Copenhagen and Tallinn: A Fine Vacation Pair

Written by Guest Contributor
Published/Revised on February 22, 2014·

 

Copenhagen’s famed art and design museums, grand historical sites, lively urban parks, and dynamic restaurant scene makes it an easy city to love. Flat and manageable in size, the city center’s streets are abuzz with walkers and cyclists. Get in on the action by lacing up a pair of walking shoes or better yet, rent a bike; Copenhagen is a bike lover’s city indeed.

Copenhagen - Bustling city streets

Art and Design

From fashion-forward locals and interior design shops galore  to art galleries and world renowned museums, Copenhagen is steeped in art and design. Nowhere is this more evident than at the National Design Museum which showcases works from some of Denmark’s most acclaimed designers. Keep an eye out for the colorful fashion and textile displays, and my personal favorite, an exhibit entirely dedicated to chair design. Think everything from slim and minimalist to big and bold—who knew chairs could be so thought-provoking?!? For more Danish art and design, allot a couple of hours for the grand National Art Gallery, Statens Museum for Kunst —the contemporary art exhibits are particularly riveting and best of all, admission is FREE!

Cool chair at the Copenhagen Design Museum

Green Space

If there was an award for prettiest urban castle in Scandinavia, Rosenborg Castle would certainly be in the running. Built in 1605 in the Dutch Renaissance style and located smack-dab in the heart of the city, the Castle is of movie-like perfection with a sandstone façade and tall pointy towers. Inside there’s a museum, but the manicured, colorful King’s Gardens surrounding the castle are the real draw. Beloved by locals, the grounds bustle with picnicking friends and canoodling couples. Pop a squat to get in on the action.

Copenhagen - Rosenborg Castle

Dine Scandinavian-Style

Copenhagen’s restaurants may not be cheap, but they sure are fun. And, delicious!  Spanning from fine-dining, Michelin-star restaurants to tiny neighborhood eateries, there’s more than enough scrumptious spots to keep foodies happy.

For a truly special (and, expensive!) dining experience, make a reservation at world-renowned NOMA, where fresh, locally sourced ingredients are prepared in astonishingly innovative ways. Recently, the ever changing menu featured monkfish liver and milk, moss and cep, and Nordic coconut (amongst other tasty delights). Make a reservation early as this is one popular spot.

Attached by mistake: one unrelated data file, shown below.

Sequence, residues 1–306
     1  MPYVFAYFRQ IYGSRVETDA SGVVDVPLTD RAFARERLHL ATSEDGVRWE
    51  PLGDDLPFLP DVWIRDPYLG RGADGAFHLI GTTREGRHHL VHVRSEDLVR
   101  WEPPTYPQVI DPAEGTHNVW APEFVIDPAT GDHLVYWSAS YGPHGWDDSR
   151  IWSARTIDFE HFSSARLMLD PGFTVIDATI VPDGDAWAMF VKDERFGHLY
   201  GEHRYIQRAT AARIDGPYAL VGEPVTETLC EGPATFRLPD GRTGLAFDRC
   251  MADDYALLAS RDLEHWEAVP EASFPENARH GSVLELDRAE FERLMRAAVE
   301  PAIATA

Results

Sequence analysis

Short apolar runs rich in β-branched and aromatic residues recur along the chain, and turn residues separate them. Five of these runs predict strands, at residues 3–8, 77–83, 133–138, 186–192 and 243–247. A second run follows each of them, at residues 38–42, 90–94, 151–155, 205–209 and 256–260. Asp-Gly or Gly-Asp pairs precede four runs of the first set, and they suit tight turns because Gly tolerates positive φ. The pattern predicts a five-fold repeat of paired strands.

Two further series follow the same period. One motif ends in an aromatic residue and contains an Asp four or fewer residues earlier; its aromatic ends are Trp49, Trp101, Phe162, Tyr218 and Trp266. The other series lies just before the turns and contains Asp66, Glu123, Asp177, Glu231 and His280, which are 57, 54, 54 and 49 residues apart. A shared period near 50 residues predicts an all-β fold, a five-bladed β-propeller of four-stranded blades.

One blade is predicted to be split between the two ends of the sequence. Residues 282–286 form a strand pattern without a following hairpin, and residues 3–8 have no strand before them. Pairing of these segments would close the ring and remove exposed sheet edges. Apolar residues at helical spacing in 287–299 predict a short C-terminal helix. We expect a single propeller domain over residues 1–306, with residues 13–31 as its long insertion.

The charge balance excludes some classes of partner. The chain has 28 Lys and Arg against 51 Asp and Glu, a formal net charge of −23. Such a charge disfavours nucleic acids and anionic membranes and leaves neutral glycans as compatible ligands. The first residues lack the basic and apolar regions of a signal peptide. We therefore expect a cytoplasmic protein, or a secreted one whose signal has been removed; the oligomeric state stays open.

Copenhagen - Nyhavn

Alternatively, for something more relaxed and affordable, stop in Café Kreutzberg , a cavernous, tiny eatery located on shop-lined Kompagnistraede Street. The traditional Danish pickled-herring smorresbrod, comparable to an open-faced sandwich, is hard to beat. On sunny days, sit outdoors to people watch the trendy and seemingly always happy locals.

Touristy, but undeniably atmospheric with views of a busy promenade, canal-front Nyhavn neighborhood is a fine place to spend an evening too. Walk along the colorful canal to find a restaurant that suits your cravings and budget. If you have extra time before dinner, consider taking a guided boat tour of the city—joining a group is easy, as scores of boats depart from the canal.

Copenhagen -Cafe Kreutzberg, smorresbrod

Side Trip to Tallinn, Estonia

Not technically part of Scandinavia but located just a short flight away, Tallinn is a fine addition to a holiday in Copenhagen (or, anywhere in Scandinavia for that matter). The city, as a whole, has many historical and cultural sights and a dynamic restaurant and nightlife scene; though if time is limited, Old Town Tallinn should take priority.

Tallinn - beautiful churches

Designated a UNESCO World Heritage site in 1997, Old Town Tallinn is one of Europe’s most well-preserved medieval cities. The picturesque cobbled streets lined with age-old shops, charming restaurants, and tiny cafes are reason enough to visit, but alas there’s more!  From grand plazas and colorful buildings to illustrious medieval style churches and even an ancient fortress, Old Town spurs thoughts of dreams and fairytales. To begin an independent walking tour, grab a tourist map (available practically everywhere), make your way to Raekoja Plats (Raekoja Square), the bustling heart of Old Town, and set off to see the sights.

In the evening, adventurously dine outside the box in one of the neighborhood’s array of Russian eateries.

Tallinn - Russian dumplings

U Natasi Restaurant  is a good place to start serving Russian classics such as herring, salmon roe or my favorite, savory dumplings with broth. Though if Russian food doesn’t sound appealing, fret not. Old Town Tallinn hosts the usual tourist favorites as well: Italian, Greek, French and even American fare—it’s all here.

Written by and photos by Katherine Sazdanoff for EuropeUpClose.com

Katherine Sazdanoff is a freelance travel writer. Recently, she embarked on a solo trip to Scandinavia and though she hates to play favorites, Copenhagen and Tallinn are hard to beat! To chronicle her wanderlust adventures, visit her at Katherine Sazdanoff 

 

 

 

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